The $63 Million New Jail Gets Pigeonholed

Photo by Rob.

Photo by Rob.

Remember that plan to build a $63 million new jail by the landfill that was projected to reach its rated capacity shortly after opening? But maybe it was actually just a proverbial foot in the door to the state corrections apparatus’s funding trough in case Harrisonburg and Rockingham County weren’t able to come up with any better sort of plan?

The limbo didn’t last long. On Wednesday afternoon, the city and county announced plans to join Waynesboro, Staunton and Augusta County in an expanded Middle River Regional Jail Authority. In brief:

  • Harrisonburg and Rockingham County will equally split a buy-in price of $21.5 million in exchange for a guarantee of at least 250 beds in the Middle River Regional Jail (MRRJ) in Verona.
  • They will keep the existing jail in downtown Harrisonburg open, but they won’t be building any new jail.
  • The localities’ shares of the operational budget for the MRRJ will eventually be based on the number of inmates each sends there.

At the end of last year, everyone involved acknowledged that negotiations to possibly expand the authority were occurring, but were otherwise pretty hush-hush about the whole thing. They were being so hush-hush, in fact, that when city council voted to send the now-cast-aside plans to build a new jail to the state – at a fairly charged meeting during which members of the council spoke at length about the inmate overcrowding problem facing the community – no mention whatsoever was made about possibly joining the MRRJ authority.

Where the big push for alternative local approaches to criminal justice is concerned, the announcement this week included on-paper commitments to launch work-release and weekender programs at MRRJ, to improve mental health and substance abuse treatment services, and to check out options for creating day-reporting program. The sheet handed out at the press conference didn’t provide additional detail here, or say anything about funding these.

The announcement pretty much came out of the blue on Wednesday. Final, binding agreements haven’t been signed (the lawyers have to finish up with their busywork first) but city and county officials are quite clear that plans for the $63 million dollar jail – the ones that they paid a consulting firm $120,000 to write, and that brought a standing-room-only crowd of protesters to council chambers, and that were signed and dispatched to the state over those objections – are suddenly and definitely off.

One thing I don’t quite understand is why the whole premise and possibility of joining the MRRJ authority were kept so secret while the city and county went through the expensive motions of advancing the $63 million plan.

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One Comment

  1. Why were things kept so secret? The only secret was the Airport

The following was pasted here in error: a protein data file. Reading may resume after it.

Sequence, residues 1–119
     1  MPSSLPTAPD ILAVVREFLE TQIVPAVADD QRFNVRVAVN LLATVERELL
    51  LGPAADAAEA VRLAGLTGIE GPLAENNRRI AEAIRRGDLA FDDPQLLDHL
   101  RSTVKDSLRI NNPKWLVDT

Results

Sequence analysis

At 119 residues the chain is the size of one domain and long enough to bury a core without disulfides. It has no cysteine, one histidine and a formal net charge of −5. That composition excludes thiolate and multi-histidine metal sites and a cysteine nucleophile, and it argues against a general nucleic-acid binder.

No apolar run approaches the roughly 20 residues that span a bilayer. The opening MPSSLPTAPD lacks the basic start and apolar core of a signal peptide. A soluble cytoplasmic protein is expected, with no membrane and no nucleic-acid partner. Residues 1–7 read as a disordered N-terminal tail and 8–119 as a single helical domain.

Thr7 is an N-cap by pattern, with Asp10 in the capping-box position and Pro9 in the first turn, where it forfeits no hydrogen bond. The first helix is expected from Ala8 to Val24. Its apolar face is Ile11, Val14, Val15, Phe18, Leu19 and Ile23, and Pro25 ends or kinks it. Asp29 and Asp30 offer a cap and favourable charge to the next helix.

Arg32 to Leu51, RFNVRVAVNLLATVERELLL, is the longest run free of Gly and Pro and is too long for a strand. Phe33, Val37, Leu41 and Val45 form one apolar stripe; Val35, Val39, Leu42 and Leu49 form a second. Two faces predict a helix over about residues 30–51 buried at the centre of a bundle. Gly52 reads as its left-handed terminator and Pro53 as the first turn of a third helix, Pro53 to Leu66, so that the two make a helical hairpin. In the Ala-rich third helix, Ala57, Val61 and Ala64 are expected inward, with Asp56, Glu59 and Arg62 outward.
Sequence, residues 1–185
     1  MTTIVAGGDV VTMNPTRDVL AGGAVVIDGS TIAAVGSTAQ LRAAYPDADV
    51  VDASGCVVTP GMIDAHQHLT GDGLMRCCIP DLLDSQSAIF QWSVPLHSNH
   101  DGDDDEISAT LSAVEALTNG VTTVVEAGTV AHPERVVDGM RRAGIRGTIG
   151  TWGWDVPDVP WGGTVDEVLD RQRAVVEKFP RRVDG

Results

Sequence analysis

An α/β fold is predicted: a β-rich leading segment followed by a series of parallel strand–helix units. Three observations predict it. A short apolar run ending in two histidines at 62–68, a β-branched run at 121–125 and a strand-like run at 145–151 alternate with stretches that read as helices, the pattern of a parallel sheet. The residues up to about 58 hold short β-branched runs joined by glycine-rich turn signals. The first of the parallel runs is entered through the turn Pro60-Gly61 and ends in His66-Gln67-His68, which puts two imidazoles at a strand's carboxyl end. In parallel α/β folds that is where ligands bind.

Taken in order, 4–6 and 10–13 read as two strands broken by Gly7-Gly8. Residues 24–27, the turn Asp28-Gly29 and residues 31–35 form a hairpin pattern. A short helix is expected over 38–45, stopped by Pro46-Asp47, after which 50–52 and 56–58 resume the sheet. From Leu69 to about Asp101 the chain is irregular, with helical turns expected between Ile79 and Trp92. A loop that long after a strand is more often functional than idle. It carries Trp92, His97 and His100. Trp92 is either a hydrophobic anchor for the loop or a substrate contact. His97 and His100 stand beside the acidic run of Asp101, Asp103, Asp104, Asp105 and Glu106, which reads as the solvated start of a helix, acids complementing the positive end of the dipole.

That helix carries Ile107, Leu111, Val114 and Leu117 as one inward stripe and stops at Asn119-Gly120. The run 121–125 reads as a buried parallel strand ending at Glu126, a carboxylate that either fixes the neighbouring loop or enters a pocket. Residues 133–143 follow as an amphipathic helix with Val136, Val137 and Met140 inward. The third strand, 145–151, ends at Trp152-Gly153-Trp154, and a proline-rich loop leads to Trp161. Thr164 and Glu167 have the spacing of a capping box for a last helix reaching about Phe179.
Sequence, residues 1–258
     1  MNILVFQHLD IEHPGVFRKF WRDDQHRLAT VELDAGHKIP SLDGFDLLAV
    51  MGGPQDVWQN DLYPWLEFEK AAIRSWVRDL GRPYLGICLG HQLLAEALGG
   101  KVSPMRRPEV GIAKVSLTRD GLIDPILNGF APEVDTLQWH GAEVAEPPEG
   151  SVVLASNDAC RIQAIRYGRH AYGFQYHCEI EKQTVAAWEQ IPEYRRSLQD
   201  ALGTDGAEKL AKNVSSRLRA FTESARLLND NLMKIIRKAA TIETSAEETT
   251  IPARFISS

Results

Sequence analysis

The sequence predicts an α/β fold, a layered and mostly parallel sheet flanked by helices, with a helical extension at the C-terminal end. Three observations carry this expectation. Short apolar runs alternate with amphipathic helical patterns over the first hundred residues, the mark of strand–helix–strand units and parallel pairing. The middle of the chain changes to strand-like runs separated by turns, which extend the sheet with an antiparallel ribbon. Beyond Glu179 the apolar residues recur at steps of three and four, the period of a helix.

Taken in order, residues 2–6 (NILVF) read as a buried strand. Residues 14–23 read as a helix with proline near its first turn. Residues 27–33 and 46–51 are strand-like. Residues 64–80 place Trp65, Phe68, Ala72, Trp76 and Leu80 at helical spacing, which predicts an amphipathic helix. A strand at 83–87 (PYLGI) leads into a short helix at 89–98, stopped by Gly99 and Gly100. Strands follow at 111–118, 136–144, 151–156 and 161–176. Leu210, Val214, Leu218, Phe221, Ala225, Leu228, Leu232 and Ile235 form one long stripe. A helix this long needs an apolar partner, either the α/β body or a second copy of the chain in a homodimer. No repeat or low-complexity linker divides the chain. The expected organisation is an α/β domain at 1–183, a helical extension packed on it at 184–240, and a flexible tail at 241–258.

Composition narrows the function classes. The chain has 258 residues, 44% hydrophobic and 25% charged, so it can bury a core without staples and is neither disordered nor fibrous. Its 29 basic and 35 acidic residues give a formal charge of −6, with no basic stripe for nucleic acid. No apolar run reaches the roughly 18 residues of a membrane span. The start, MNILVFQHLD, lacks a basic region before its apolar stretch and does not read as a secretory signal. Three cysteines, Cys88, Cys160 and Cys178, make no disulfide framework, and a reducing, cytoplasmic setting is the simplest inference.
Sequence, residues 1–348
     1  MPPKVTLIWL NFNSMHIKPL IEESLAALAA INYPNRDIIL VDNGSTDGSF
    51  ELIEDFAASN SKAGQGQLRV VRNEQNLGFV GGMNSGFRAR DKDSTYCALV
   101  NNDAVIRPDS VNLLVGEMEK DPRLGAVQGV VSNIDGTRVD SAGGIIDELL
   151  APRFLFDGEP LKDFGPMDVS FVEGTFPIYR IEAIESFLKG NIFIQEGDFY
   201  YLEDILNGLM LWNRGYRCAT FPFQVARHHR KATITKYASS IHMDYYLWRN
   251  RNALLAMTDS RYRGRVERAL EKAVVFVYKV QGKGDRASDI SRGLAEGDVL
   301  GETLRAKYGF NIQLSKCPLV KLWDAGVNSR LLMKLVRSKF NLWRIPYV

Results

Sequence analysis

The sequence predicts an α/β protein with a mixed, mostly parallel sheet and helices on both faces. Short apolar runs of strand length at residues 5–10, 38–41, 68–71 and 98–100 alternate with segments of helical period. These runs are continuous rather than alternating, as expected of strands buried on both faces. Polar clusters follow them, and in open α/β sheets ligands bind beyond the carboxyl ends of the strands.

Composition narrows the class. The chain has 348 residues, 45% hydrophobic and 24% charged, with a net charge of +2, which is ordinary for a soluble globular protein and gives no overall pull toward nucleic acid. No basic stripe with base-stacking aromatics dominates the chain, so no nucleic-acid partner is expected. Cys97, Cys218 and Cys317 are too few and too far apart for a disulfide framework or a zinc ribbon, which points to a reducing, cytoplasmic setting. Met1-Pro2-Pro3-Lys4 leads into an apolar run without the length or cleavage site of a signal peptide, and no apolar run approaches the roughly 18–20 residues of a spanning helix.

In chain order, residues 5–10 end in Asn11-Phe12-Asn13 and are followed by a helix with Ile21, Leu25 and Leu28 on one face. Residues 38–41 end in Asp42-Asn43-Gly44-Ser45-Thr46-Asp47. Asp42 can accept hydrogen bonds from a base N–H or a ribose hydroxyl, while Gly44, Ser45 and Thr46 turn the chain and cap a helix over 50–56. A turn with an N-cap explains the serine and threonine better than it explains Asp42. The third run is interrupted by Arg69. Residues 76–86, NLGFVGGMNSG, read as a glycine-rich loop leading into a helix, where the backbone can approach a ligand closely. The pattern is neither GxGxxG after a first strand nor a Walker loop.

meeting. The electronic petition with over 300 signatures studiously
    avoids saying ‘no new jail’ and instead insists on ‘building better
    communities.’ Many people did not know what was going on because
    many people prefer following their own truth to hearing others.

    At the end of 2013 an initiative came out of the African American
    community to provide support for residents returning from
    incarceration. There was distrust of anything connected to the
    Criminal Justice system, from Department of Corrections, to the
    programs under Court Services, and even service providers surrounding
    those programs. The idea was to provide support to these folks through
    networks of people they trusted and who understood them and were
    personally invested in them– family, church, peers.

    The city did not get on board. However, the work kept on and won Ban
    the Box. When the jail came up at the April 22nd council meeting,
    those people were present. If you watch that council meeting, city
    staff were completely upfront about the fact that MRRJ had them over a
    barrel in negotiations and that that was why they were proposing to
    build. Those in the audience could easily put two and two together and
    made no secret of it.

    See the February 11 entry at for evidence of this
    work ongoing here, then May 12th for lingering advocacy for what had
    been brought forward and opposition to incarceration. July 10th lays
    out the response to the forming of the second ‘anti-jail’ group which
    attended an e-mail that compared delving into ‘alternatives to
    incarceration’ to the ‘red herrings’ that hobble Martin Luther King
    street re-namings. The e-mail goes on to prescribe renting by the bed
    at MRRJ as the right thing for which to push. Still people insisted on
    barreling forward with ‘no new jail.’ There was a rally in front of
    Council chambers that was billed this way on leaflets. The person
    interviewed by WHSV had sense enough to check in with people and was
    briefed for 15 minutes to drop and avoid all the ‘no jail,’ ‘overcrowding,’ and
    alternative incarceration (slipped once) talk. You can see he hit a home run.

    But as more people started to be mobilized, other factors came
    into play that further deafened people toward listening to or giving
    voice to others. Alternatives to incarceration took off, and then no
    new jail reemerged.

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